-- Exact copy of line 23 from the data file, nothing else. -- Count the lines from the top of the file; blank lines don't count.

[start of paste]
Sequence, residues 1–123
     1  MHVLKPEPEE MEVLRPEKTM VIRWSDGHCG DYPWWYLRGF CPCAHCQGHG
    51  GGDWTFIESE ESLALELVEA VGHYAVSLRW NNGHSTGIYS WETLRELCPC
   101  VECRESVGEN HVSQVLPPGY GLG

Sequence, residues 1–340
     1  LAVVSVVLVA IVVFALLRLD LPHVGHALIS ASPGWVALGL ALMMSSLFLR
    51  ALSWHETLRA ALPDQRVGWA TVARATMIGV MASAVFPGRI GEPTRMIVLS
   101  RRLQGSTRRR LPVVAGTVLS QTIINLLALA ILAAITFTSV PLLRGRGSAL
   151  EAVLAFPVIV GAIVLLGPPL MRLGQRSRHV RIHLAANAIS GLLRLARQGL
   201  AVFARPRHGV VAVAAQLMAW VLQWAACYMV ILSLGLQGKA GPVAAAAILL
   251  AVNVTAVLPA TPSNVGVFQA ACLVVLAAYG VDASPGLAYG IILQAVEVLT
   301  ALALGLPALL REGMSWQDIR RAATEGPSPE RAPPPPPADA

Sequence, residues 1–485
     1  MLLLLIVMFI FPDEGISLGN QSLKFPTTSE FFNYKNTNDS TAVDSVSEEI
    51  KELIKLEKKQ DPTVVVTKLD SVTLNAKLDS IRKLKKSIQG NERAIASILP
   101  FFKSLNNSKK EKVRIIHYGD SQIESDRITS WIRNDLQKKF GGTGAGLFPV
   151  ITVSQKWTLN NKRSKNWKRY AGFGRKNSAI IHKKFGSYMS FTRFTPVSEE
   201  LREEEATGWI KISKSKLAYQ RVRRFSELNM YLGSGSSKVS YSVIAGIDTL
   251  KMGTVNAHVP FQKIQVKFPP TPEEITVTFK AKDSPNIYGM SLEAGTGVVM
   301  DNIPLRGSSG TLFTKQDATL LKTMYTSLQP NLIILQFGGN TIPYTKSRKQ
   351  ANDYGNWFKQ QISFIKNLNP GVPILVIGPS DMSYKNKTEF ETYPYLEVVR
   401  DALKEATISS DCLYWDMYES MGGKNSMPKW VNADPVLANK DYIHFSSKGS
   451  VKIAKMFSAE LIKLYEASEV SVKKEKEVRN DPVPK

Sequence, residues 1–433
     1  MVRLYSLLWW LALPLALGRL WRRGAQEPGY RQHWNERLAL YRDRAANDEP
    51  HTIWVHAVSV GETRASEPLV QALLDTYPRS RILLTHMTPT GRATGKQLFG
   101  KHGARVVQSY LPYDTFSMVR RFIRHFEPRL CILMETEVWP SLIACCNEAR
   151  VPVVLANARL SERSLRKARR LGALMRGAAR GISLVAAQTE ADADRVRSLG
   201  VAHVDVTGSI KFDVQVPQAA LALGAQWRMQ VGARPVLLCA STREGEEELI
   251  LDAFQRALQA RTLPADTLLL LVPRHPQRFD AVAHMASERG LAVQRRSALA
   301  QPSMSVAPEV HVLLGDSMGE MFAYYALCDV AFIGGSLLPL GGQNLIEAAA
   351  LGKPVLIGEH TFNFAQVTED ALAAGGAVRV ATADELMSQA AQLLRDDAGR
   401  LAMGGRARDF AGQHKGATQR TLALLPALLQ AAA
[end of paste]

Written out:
   451  VKIAKMFSAE LIKLYEASEV SVKKEKEVRN DPVPK